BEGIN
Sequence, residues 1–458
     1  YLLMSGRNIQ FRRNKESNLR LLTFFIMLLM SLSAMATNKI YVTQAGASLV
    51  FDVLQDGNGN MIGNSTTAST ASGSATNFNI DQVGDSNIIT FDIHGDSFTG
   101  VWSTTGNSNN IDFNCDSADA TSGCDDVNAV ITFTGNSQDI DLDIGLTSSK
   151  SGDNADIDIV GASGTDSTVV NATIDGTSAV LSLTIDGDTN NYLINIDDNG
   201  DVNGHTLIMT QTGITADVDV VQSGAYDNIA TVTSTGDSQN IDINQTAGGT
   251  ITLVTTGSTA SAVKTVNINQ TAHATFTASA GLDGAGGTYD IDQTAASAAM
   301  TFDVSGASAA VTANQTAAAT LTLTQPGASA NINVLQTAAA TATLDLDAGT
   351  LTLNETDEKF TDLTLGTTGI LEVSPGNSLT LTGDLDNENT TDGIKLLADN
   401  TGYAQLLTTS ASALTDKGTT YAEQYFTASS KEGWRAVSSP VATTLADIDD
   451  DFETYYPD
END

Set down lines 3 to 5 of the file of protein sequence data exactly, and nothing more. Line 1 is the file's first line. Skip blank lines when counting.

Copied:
    51  FDVLQDGNGN MIGNSTTAST ASGSATNFNI DQVGDSNIIT FDIHGDSFTG
   101  VWSTTGNSNN IDFNCDSADA TSGCDDVNAV ITFTGNSQDI DLDIGLTSSK
   151  SGDNADIDIV GASGTDSTVV NATIDGTSAV LSLTIDGDTN NYLINIDDNG